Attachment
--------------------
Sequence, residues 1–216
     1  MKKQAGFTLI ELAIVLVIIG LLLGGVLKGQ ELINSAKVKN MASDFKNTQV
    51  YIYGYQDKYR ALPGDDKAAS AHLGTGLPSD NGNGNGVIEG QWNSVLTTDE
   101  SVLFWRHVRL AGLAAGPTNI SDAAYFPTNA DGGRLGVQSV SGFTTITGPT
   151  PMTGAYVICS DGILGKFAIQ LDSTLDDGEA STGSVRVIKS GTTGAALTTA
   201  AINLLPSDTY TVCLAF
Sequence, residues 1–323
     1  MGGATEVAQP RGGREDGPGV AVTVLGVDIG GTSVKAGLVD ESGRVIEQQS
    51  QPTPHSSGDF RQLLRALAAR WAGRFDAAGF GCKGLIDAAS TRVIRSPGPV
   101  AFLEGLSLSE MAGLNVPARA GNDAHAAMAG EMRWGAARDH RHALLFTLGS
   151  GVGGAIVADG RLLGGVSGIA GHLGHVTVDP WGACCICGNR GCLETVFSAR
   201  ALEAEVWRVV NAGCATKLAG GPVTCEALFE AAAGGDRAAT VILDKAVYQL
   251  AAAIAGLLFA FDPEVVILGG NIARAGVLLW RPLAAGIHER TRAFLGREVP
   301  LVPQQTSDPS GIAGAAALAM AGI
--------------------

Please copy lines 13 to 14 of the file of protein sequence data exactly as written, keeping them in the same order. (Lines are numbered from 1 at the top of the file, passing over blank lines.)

   251  AAAIAGLLFA FDPEVVILGG NIARAGVLLW RPLAAGIHER TRAFLGREVP
   301  LVPQQTSDPS GIAGAAALAM AGI